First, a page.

Fortunately parking is never an issue because the carpark is so blooming expensive – but, any blue badge pals out there – did you know that at St Thomas’ you are able to park for free if you show your appointment letter and you actual blue badge to PALS.  At Guys you can also park for free in the NCP carpark along the road by presenting your letter, NCP ticket and blue badge to security before you leave.  Might have saved someone a small fortune there!  What was an issue was getting into a lift from the basement to the ground floor – I mean, come on people, I am not sitting a wheelchair because I am feeling a bit tired.  I can’t actually climb the stairs!!

Tuned Up

The engine revived with caffeine and banana, we checked in to the pain clinic which faces directly opposite Big Ben and the Houses of Parliament – currently shrouded in scaffold.  I always forget just what a wind tunnel is created along this stretch of the Thames and Wednesday morning was no exception – good job I was using my wheels because the icy gusts would have tackled me easily.  As predicted the CNS was surprised and concerned when she saw me, but once I reassured her that the bodywork changes before her are down to the dreaded stretchy body parts, she went about checking the pain levels.  I am pleased to report that once her little box of tricks “spoke” to my implanted little box of “tricks”, it was established that my switching on and off, general usage of the stimulator and recharging is all scoring full marks! Hurray.

Next the tricky part.  Any chance of a retune?  This was no problem and the external box turned off and then turned back on the internal box…..jump starting the battery back to life and automatically altering the sensation.  The biggest difference is the feeling in the sole of my foot – it is difficult to describe, but the electrical pulses feel more rapid and “wider”.  The pathway of the pain through my foot is so specific that I could draw it for you to see, so the area that needs to be covered by the neurostimulation is very specific and so very specific electrodes in the lead on the spinal cord need to be active.  But how about getting some of that lovely electrical stimulation that knocks out the way my dodgy wiring sends perceived pain to my nerve centre – my brain – into my right hip and thigh??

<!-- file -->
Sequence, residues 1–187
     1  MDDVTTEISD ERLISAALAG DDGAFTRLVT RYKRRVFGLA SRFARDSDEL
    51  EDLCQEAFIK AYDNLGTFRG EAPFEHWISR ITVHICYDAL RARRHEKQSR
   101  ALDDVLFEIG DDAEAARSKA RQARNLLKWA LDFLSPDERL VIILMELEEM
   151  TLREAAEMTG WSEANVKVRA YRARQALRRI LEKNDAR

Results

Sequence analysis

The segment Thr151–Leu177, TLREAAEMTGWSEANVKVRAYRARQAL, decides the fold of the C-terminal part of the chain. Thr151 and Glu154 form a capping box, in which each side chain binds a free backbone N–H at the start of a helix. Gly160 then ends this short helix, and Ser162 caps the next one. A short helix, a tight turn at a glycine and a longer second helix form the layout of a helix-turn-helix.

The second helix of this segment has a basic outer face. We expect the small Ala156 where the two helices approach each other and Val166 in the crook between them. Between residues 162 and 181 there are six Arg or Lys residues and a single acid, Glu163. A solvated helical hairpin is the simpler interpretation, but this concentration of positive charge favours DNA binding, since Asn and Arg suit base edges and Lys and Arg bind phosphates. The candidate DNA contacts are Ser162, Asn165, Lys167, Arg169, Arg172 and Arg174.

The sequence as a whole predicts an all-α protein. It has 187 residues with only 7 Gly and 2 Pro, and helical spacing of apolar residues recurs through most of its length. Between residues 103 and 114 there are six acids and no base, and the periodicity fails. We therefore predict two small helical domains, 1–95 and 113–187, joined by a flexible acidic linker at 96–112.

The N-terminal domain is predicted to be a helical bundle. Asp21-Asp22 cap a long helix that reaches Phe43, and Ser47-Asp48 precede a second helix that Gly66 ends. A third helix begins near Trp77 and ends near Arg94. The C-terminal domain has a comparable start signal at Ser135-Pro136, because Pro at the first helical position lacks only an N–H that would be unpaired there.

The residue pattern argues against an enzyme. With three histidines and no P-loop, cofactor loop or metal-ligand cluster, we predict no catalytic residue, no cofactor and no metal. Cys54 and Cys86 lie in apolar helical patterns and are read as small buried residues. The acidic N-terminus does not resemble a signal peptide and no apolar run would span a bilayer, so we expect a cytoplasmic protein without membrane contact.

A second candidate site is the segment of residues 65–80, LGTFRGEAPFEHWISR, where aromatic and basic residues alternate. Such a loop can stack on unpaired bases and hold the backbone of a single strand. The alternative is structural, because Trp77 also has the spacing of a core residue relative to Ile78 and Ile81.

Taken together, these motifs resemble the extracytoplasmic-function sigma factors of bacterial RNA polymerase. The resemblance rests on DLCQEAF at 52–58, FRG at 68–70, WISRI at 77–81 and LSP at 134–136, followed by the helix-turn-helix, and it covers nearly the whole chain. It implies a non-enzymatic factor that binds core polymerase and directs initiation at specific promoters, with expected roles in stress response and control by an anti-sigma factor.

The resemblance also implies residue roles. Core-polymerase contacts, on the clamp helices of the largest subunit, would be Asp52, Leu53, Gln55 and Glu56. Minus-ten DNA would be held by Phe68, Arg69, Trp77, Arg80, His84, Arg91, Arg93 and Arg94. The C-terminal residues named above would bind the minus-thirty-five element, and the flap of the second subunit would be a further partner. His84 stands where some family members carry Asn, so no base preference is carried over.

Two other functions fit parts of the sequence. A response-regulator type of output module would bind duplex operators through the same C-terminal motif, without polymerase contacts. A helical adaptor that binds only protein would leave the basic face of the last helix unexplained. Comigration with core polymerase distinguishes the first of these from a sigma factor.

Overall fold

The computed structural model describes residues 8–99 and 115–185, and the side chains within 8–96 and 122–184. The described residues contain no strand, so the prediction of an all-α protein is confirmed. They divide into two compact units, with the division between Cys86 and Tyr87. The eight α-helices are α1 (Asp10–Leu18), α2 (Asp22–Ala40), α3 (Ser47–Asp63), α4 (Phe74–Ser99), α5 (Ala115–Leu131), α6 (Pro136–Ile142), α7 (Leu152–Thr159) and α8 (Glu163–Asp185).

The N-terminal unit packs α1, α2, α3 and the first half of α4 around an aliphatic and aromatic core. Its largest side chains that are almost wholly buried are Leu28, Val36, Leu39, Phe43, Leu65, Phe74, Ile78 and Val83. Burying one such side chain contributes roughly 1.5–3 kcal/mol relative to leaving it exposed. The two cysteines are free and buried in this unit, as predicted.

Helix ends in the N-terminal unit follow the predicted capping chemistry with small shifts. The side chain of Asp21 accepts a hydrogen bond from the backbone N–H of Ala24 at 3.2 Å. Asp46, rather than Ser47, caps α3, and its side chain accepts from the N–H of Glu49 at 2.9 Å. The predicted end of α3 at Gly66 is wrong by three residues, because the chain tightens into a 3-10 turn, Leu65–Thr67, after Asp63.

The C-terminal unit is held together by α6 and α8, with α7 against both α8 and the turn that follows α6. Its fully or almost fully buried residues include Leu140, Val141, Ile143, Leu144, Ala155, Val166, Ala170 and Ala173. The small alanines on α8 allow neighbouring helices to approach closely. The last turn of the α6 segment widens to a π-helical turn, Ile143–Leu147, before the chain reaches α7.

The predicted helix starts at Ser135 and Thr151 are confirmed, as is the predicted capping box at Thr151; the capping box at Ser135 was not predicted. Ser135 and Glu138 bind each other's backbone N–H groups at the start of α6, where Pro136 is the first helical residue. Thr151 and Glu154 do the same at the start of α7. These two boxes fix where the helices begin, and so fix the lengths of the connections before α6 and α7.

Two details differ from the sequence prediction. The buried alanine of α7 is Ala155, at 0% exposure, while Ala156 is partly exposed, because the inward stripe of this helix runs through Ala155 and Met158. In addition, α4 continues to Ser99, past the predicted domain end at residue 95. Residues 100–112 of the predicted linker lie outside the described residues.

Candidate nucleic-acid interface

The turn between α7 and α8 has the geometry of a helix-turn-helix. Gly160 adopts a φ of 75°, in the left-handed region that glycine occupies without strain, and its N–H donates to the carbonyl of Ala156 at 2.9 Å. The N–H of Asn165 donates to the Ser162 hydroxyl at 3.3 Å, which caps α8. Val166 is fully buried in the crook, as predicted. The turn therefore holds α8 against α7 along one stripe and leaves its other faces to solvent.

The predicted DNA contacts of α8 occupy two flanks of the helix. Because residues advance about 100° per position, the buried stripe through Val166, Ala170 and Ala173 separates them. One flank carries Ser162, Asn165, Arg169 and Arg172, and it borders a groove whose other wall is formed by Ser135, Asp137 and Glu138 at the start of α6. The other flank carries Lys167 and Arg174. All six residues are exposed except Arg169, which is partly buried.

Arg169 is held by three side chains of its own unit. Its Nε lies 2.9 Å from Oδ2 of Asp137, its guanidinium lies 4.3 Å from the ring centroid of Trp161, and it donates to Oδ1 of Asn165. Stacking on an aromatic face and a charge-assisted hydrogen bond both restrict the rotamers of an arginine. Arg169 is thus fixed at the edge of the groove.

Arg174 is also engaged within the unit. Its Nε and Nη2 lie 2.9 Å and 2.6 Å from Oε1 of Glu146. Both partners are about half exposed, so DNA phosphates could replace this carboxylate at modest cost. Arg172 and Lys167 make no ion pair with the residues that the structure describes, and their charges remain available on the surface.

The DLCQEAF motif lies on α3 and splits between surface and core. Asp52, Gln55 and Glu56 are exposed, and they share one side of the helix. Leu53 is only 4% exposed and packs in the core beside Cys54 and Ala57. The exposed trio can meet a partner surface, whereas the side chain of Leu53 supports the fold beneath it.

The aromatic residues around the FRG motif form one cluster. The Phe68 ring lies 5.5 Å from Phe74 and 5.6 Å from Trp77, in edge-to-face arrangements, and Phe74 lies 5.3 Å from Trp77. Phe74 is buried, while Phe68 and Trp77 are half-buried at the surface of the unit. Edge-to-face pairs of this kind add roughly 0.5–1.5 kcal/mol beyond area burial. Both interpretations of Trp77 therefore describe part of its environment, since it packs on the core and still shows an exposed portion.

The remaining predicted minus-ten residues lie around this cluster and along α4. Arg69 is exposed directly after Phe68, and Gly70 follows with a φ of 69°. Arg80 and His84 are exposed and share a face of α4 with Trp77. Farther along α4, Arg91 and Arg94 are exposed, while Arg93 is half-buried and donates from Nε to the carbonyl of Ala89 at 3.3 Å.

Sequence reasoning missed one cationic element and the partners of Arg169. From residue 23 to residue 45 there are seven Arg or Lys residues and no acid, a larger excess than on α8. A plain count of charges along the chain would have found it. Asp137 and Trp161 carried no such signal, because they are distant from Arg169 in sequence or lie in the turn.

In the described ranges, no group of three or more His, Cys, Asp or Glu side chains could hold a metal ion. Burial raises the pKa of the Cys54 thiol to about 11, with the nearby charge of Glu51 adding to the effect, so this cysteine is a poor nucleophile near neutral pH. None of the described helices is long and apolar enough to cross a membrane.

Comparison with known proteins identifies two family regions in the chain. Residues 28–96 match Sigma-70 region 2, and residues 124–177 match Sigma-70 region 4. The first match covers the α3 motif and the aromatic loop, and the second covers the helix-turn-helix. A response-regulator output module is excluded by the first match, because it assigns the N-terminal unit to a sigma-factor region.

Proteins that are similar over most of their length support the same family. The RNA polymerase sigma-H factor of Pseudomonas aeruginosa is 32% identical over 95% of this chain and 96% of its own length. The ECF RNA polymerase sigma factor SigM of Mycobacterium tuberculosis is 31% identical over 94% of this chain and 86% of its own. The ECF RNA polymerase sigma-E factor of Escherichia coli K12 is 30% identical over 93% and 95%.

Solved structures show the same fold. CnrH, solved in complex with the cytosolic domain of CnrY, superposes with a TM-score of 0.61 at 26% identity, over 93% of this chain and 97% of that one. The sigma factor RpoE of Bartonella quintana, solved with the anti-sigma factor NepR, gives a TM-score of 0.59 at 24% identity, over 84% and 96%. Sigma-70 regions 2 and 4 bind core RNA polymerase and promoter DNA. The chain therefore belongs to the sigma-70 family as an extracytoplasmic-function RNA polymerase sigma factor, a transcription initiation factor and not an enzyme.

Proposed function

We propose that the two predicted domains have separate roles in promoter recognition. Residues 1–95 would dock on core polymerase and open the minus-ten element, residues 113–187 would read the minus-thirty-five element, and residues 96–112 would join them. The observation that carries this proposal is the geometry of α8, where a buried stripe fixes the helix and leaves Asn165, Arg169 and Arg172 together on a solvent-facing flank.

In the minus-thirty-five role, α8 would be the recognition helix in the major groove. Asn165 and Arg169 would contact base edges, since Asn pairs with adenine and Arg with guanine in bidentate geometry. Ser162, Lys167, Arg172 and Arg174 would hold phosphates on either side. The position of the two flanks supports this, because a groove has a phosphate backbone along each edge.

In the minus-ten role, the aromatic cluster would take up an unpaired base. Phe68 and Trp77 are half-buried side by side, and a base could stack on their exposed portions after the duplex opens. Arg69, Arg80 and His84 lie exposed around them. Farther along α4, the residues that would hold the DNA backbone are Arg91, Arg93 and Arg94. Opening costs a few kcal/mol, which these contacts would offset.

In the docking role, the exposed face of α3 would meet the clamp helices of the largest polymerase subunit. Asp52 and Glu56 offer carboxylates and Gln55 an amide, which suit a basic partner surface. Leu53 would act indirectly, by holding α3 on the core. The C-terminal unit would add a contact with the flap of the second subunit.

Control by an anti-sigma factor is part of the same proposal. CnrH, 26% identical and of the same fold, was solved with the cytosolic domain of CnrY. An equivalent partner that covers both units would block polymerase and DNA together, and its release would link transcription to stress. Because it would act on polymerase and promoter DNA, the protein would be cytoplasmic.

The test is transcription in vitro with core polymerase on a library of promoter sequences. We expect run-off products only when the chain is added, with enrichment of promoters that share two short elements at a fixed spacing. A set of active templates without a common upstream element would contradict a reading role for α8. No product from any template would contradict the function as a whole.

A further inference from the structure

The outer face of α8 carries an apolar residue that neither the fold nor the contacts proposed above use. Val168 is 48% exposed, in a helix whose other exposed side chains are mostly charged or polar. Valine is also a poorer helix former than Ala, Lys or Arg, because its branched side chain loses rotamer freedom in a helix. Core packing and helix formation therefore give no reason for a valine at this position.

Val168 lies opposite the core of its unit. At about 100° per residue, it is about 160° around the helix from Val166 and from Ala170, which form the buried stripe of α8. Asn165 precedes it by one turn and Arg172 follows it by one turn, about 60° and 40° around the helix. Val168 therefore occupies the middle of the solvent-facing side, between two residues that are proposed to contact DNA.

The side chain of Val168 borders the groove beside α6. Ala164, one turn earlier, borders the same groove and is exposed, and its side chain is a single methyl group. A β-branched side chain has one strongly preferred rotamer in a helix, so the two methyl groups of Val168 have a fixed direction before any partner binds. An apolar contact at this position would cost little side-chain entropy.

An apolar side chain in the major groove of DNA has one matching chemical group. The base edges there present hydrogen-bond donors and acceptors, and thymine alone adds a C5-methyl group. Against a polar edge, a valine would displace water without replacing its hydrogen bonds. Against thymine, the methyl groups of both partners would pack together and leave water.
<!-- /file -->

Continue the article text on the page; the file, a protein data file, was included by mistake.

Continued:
Of course the proper response is that nothing can be altered for pains that haven’t been investigated – it wouldn’t be good to mask pain that is due to injury or a new illness.  But of course in this case one bendy chassis is causing wear and tear on the bearings and axles, putting the tracking off massively.  The biggest concern had to be keeping the pain coverage in my right side to the same level – it would be awful to lose the fantastic coverage i have.  But with a little tweaking she managed to give me a little sensation in my hip and if I lean back into the chair (or better still lie down onto the electrodes) the strength of the stimulation increases.  It doesn’t get rid of the pain or even mask it in the same way that it masks the nerve pain, but any little bit of relief this rust bucket will take!

So the bodywork may not have been replaced by a shiny, sleek sports model, but with a bit of fine tuning it is slightly more comfortable.  (BTW the beach buggy above was Dunc’s first car, and whilst sparkly, not very comfortable!). Thanks for all the good wishes – really appreciated.  Now I’m off to recharge my battery for a new week…..and in this case I assure you I am being literal, not metaphorical.  Should take me a couple of hours to complete!IMG_0817

(BTW: any St Thomas’ pain/input patients out there – the booking system was changed last year and the nurses are no longer allowed to book our appointments.  But since central bookings has taken over, quite a few of us have slipped through the net – hence why I had no appointment last year.  If you have a problem call them or email the nurses at their catchy new address:


One Rusty Old Body In Need of a Tune Up! Trip to the Pain Clinic

Tomorrow I go back to St Thomas’ hospital, London to the Pain clinic and it struck me that this is where my new life as a blogger began.  Three years ago I was first seen in the Pain clinic for the start of physical and psychological interviews to assess my suitability for a spinal cord stimulator trial.  Just over two years ago I became the recipient of an implant.  So much has changed in this time.